Nocenti was among the writers for Daredevil #500 published in August 2009.
Nocenti wrote Green Arrow starting with issue #7 published in March 2012. In September 2012, Nocenti became the writer of Catwoman with issue #0. She launched a Katana series the following February.
Journalism and film
In the 1990s, Nocenti began to focus on journalism and filmmaking. She edited High Times magazine for one year (2004) and was an editor on Prison Life Magazine. Her journalism has been published in The Nation, Print, Utne, Heeb, The Brooklyn Rail, CounterPunch, Filmmaker, and Details, as well for MoveOn.org. Nocenti's story "The Most Expensive Road Trip in the World" was collected in The Best American Travel Writing 2008, edited by Anthony Bourdain (Houghton Miifflin). She was an editor and writer for Stop Smiling, guest editing the "Gambling Issue". As editor of the screenwriting magazine Scenario, Nocenti published the original versions of screenplays and interviewed directors and screenwriters.
In 2016 she was one of the producers and writers on MAGIC CITY: The Art of the Street, for SC Exhibitions in Dresden, Germany. In 2018 she was an executive producer on MARVEL: Universe of Super-Heroes at MoPOP museum in Seattle, Washington. In 2018 she wrote The Seeds (with artist David Aja) and in 2019 she wrote Ruby Falls (with artist Flavia Biondi), both for Karen Berger’s new comic imprint Berger Books at Dark Horse Comics.
Cameos and homages
Nocenti appears in The Avengers #215 (Jan. 1982) as a secretary at an advertising agency that Steve Rogers visits looking for work.
Nocenti, along with John Byrne, Ron Wilson, Jim Shooter and Roger Stern are featured in The Thing # 7 (January 1983). The issue features the titular character storming into a fictionalized Marvel Comics and encountering the creators behind his own strip.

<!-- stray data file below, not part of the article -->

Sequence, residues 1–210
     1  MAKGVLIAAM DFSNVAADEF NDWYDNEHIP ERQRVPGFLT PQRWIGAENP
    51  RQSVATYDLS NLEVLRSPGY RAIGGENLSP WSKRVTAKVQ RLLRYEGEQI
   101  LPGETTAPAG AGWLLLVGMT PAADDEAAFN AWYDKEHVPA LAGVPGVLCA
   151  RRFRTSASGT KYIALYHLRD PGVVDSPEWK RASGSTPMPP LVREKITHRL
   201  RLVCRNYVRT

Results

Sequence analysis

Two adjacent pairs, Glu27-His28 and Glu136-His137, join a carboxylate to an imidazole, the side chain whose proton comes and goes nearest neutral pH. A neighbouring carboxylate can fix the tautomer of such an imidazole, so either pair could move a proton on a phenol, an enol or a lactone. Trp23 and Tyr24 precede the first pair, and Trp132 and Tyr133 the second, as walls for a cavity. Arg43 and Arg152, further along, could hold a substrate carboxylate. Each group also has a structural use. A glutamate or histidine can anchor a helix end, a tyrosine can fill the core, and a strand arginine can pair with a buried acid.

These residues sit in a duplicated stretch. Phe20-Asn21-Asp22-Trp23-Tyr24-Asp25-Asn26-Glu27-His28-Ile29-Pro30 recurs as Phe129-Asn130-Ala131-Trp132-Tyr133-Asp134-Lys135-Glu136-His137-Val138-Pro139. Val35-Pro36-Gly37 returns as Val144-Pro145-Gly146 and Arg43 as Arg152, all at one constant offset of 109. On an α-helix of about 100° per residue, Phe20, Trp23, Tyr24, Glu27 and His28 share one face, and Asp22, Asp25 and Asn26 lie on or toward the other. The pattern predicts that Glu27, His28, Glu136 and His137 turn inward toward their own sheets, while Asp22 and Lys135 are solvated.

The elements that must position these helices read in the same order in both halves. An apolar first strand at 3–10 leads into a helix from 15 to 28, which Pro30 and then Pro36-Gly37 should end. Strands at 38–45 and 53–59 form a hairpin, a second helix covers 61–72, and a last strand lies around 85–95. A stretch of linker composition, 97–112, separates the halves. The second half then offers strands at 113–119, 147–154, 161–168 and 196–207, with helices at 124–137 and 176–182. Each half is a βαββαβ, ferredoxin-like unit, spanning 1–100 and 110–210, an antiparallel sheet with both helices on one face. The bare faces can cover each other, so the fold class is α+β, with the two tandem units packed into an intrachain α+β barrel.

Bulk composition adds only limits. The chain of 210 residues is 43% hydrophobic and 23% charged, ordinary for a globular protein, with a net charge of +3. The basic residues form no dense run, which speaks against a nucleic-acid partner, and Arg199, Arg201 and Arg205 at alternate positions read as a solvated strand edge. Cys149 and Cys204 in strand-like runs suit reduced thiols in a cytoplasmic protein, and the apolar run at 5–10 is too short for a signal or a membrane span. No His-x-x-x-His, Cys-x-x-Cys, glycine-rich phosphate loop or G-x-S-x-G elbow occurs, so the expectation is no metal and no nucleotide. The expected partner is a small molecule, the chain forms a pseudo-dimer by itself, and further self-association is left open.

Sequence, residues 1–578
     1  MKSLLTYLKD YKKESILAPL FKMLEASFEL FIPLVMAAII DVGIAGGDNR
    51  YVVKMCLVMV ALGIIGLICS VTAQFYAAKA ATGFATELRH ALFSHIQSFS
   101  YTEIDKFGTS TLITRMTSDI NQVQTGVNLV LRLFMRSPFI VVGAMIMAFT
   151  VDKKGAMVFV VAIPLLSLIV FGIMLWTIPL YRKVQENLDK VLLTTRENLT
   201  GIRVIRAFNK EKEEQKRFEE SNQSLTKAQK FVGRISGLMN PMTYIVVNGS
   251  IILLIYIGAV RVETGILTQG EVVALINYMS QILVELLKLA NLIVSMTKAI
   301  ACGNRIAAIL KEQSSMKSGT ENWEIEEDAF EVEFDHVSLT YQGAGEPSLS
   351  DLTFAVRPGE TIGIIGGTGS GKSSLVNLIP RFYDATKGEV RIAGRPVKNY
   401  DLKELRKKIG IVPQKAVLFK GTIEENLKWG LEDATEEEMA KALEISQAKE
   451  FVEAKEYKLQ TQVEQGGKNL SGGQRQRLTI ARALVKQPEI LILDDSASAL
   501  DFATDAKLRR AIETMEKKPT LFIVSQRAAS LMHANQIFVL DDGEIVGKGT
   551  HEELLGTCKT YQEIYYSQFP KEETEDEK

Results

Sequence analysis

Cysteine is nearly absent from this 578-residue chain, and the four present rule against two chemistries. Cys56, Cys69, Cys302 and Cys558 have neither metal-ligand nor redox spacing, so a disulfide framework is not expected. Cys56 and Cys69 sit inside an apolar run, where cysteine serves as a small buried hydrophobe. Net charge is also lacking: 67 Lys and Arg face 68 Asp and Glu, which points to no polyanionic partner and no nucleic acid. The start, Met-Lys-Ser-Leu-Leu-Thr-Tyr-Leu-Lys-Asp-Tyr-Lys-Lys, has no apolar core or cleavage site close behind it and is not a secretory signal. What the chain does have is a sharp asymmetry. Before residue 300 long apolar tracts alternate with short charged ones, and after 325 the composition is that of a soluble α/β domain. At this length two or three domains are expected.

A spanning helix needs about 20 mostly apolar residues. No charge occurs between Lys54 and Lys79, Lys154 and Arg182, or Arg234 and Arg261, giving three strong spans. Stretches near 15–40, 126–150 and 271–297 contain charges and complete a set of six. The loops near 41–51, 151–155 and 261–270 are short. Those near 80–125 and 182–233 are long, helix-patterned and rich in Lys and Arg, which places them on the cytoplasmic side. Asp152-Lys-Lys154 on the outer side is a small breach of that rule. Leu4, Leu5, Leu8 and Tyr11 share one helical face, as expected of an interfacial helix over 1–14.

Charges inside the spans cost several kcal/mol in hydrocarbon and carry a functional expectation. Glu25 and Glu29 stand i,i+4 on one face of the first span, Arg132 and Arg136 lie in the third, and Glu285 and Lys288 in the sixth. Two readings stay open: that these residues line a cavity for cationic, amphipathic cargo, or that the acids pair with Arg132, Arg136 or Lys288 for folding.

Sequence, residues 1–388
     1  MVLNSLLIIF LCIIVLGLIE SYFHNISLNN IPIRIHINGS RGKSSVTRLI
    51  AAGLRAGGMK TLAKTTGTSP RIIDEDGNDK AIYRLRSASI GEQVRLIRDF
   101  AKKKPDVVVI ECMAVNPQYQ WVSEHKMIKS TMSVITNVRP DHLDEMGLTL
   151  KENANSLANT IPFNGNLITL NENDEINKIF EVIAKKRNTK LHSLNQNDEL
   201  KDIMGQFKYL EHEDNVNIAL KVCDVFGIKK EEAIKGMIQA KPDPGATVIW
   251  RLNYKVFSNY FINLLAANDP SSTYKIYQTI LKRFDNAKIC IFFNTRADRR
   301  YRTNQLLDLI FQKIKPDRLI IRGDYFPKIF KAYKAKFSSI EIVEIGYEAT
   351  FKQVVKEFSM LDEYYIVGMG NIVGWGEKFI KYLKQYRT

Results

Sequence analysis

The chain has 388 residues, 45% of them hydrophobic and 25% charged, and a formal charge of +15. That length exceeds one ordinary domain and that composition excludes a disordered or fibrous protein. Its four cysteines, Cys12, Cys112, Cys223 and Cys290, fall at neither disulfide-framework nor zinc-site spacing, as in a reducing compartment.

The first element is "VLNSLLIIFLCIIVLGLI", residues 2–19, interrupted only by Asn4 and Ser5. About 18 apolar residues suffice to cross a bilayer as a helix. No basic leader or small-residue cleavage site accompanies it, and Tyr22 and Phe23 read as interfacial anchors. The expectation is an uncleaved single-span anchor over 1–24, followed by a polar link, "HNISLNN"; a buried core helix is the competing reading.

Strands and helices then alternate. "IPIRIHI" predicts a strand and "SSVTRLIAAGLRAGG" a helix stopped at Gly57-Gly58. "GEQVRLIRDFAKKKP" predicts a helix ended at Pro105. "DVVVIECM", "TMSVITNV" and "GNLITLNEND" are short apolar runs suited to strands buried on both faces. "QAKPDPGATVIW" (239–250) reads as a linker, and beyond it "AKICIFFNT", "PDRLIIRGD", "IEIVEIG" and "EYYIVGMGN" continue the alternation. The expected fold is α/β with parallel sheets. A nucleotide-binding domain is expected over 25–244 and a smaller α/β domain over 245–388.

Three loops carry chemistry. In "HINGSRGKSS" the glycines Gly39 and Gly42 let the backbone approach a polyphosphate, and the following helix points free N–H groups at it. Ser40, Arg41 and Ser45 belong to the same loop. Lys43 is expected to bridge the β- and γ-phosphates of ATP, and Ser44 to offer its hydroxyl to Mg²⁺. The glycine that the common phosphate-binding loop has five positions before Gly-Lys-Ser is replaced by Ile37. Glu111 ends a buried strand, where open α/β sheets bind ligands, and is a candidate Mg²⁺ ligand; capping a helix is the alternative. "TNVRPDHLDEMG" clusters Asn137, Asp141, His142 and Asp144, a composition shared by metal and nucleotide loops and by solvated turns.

Nocenti makes a cameo appearance in The Incredible Hulk #291 (January 1984). At the time Nocenti was assistant editor to Larry Hama on The Incredible Hulk and X-Men. She also appeared in a spoof comic strip in 1984's The Defenders #127.
In Ultimate X-Men, a re-imagination of the X-Men in the alternate universe Ultimate Marvel imprint, the superhero Longshot has the civilian name Arthur Centino — his last name an anagram of "Nocenti" and his first name an homage to artist Arthur Adams, the original character's co-creators.
Nocenti lives in New York City.
- On titles edited by Al Milgrom:
- The Defenders #104–122 (1982–1983)
- The Incredible Hulk #269–288 (1982–1983)
- Micronauts #39–51 (1982–1983)
- ROM #28–41 (1982–1983)[Note 1]
- Star Wars #58–61 (1982)[Note 2]
- Marvel Fanfare #3–14 (1982–1984)
- Doctor Strange vol. 2 #56–60, 62 (1982–1983)
- Fantastic Four #253–257 (1983)
- Marvel Two-in-One #98 (1983)
- The Thing #1 (1983)
- On titles edited by Carl Potts:
- On titles edited by Louise Jones:
- The Thing #2–7 (1983–1984)
- The Incredible Hulk #291–294 (1984)
- Uncanny X-Men #183–232, Annual #8–11 (1984–1988)[Note 3]
- The New Mutants #17–66, Annual #1–4, Special Edition #1 (1984–1988)[Note 4]
- Star Wars #85–107 (1984–1986)[Note 5]
- Kitty Pryde and Wolverine #1–6 (1984–1985)[Note 6]
- Starriors #1–4 (1984–1985)